San Francisco Music Box Company
A.) I just started Snow Globing, what advice can you give me for my new-found hobby? Snow Globing can be a fun hobby, a profitable enterprise, or even both! The best advice we can provide is to buy the items that "speak to you". And by that we mean the ones that you find intriguing, beautiful, or complimentary to your own collection. Collecting, while often about numbers, is also about the synergy between the pieces. Some people go for a certain theme; collecting a Snow Globe from each state, for example. Others collect from a certain time period, country, or even manufacturer. Some just plain snatch up any Snow Globe they come across! But the good thing is, ultimately it's about what brings you pleasure. So if you're new to collecting, start with some of our best sellers. And if you're a seasoned collector, make sure you've got one of each item in our catalog!
b.) How do I take care of my Snow Globe? While you're going to want to display your Snow and Water Globes, you'll definitely want to keep them in an area that's temperature controlled, and out of direct heat, sunlight, or cold. The reason for this is that while the liquids in almost all new globes are synthetic, older ones contained actual water. And as we all know, with enough heat, water evaporates. This leaves unsightly bubbles in your globe, lowering its value and aesthetic. And you might want to consider keeping them in a cabinet of some sort, with doors on it; especially if you live in a part of the country that's prone to earthquakes!
c.) What are the most popular kinds of Globes? All globes tend to be essentially the same construction, with the differences being in the theme. Those themes are primarily either: There's no specific date for when the first Snow Globe was created, but all evidence seems to indicate that they were originally made by French artisans in the 1800's. One story is that they were first developed as complicated and ornate paperweights. During the Victorian period in the late 1800's, they became popular in England, often called "Snowstorms". And shortly after the turn of the century, pieces started making their way across the ocean to America.
d.) Are there any dangers involved with collecting Globes? Well unlike bungee jumping or shark fishing, collecting globes is generally a hobby for those with a spirit on an even keel. However, there are some things you should consider.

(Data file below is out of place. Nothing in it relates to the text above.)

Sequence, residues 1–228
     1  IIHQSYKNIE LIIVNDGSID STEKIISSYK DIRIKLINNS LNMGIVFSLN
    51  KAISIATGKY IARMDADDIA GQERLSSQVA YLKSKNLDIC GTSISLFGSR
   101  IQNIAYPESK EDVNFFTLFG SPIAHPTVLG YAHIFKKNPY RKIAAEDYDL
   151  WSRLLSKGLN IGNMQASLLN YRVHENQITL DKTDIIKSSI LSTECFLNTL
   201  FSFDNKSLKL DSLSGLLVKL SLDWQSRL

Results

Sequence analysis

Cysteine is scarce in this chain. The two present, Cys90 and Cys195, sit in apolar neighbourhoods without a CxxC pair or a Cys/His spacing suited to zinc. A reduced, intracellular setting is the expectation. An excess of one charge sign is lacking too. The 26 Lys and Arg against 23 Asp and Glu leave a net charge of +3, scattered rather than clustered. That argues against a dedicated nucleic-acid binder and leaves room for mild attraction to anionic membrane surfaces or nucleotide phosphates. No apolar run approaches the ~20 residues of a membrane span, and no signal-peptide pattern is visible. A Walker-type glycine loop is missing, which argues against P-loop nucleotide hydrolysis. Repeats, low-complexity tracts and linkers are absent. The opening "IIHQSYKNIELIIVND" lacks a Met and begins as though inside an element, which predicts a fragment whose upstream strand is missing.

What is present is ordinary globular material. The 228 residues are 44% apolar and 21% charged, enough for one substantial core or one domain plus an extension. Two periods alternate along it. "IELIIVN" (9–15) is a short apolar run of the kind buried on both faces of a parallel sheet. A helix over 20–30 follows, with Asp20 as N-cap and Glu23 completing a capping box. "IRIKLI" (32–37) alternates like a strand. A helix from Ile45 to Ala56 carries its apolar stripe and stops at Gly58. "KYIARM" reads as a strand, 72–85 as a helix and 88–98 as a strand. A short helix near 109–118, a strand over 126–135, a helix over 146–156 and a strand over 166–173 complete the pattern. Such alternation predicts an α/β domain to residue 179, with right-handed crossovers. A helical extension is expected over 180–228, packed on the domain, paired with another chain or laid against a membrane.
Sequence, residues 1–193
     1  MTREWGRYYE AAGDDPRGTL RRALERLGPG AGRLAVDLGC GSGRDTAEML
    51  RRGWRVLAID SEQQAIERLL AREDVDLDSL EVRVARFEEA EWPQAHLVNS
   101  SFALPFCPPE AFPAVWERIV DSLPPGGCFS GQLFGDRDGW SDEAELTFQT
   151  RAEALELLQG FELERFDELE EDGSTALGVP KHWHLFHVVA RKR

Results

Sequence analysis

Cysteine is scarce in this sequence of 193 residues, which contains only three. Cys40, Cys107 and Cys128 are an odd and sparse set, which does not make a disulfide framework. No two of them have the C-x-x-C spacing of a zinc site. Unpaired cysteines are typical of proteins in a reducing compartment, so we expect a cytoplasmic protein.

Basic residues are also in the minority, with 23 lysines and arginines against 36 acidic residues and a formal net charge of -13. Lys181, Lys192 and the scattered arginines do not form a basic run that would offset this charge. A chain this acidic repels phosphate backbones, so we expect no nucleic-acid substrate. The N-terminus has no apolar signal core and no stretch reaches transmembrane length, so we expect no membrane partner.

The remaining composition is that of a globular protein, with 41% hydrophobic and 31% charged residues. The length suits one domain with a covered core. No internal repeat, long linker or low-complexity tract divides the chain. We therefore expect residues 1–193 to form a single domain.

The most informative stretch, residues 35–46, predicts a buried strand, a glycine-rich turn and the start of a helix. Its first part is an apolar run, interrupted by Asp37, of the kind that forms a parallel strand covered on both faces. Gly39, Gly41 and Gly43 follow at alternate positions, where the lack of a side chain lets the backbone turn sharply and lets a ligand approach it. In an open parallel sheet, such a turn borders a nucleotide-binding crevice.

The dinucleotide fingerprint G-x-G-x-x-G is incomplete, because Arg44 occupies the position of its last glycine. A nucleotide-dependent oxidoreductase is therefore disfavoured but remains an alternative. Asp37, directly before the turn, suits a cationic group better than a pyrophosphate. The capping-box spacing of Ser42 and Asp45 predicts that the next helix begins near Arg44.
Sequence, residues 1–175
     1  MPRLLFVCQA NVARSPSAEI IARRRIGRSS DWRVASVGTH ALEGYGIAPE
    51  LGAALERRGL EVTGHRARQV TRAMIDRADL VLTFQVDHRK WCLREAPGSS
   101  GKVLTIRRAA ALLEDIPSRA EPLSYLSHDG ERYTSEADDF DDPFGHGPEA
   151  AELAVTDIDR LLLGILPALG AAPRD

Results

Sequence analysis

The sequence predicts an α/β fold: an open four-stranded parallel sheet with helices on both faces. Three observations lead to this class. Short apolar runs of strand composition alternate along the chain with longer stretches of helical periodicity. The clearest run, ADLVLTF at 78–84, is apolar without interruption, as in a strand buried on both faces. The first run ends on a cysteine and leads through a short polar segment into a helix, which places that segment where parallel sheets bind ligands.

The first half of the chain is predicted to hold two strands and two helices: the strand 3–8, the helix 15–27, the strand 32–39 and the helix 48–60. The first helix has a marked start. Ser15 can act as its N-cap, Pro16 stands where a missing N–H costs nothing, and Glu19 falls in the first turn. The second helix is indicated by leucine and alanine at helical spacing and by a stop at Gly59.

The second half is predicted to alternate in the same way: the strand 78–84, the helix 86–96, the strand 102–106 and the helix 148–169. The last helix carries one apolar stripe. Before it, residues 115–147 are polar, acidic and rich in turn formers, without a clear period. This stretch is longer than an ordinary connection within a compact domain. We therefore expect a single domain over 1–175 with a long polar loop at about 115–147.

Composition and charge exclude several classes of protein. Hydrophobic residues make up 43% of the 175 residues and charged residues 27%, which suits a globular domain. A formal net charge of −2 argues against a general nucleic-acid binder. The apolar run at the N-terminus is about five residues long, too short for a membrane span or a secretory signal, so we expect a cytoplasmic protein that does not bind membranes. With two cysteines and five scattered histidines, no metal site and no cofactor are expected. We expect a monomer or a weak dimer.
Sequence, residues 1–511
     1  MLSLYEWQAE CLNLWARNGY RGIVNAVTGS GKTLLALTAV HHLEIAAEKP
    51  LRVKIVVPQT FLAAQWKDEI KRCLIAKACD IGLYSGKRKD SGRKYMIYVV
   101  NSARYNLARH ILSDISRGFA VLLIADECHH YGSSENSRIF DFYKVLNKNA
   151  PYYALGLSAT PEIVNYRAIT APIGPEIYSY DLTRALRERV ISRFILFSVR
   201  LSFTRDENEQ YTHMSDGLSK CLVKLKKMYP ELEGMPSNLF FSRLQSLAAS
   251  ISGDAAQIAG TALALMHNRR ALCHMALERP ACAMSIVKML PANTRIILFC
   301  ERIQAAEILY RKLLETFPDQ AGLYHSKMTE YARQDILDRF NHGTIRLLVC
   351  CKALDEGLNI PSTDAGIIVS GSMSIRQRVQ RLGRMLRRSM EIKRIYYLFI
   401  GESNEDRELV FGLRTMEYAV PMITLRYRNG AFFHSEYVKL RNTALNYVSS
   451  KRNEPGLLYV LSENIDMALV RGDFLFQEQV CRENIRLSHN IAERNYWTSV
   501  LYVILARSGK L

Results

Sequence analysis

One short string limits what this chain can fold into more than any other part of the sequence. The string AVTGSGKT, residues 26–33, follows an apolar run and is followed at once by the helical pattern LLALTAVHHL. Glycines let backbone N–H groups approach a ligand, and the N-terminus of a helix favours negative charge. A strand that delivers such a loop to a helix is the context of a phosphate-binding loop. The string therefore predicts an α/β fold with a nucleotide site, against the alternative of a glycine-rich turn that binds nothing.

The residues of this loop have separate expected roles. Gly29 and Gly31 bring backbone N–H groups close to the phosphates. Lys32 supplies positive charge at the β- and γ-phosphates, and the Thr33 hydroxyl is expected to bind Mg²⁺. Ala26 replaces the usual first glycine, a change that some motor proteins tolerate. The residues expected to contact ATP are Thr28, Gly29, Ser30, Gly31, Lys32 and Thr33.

Fragility: Some globes, especially older ones, are very fragile. So you should take care to ensure they're stored or displayed in a spot where they're not likely to be bumped or jostled. If they fall, there's a good chance of having broken glass on the floor (not to mention a wet mess).
Glycol: Many newer snow globes have switched from water to glycol, otherwise known as Antifreeze. This allows the "snow" to remain suspended for a while longer in the "air", and mitigates problems from temperature extremes. However, glycol is toxic and has a sweet taste, which can be inviting to many pets and small children.
Temperature Extremes: Older globes, containing water, will obviously need to be kept out of temperatures below freezing. Heat will also cause the liquid in many to evaporate. And what's even weirder, although unlikely, is the risk of your globe catching the sunlight just right and acting as a magnifying glass, causing a focused beam of heat to be applied to whichever surface is in its path. We don't expect that this should be a major concern, but it's something to think about. Besides, you'll want to keep your globes out of direct sunlight anyway, to keep their colors from fading over the decades.
e.) Are there any Snow Globe collector communities online that I can join? At the moment we haven't found any with a sizable number of members. But fear not, we're working on one ourselves for our dedicated customers and fans of globes everywhere. Keep an eye on this space for future announcements!
f.) What's the world's largest Snow Globe? The largest Snow Globe ever was displayed in 2007 in New York city as a means of promoting tourism. Although, factually it isn't a true Snow Globe (since it does not contain water or another liquid), which is why the folks at Guinness did not certify it as the world record holder.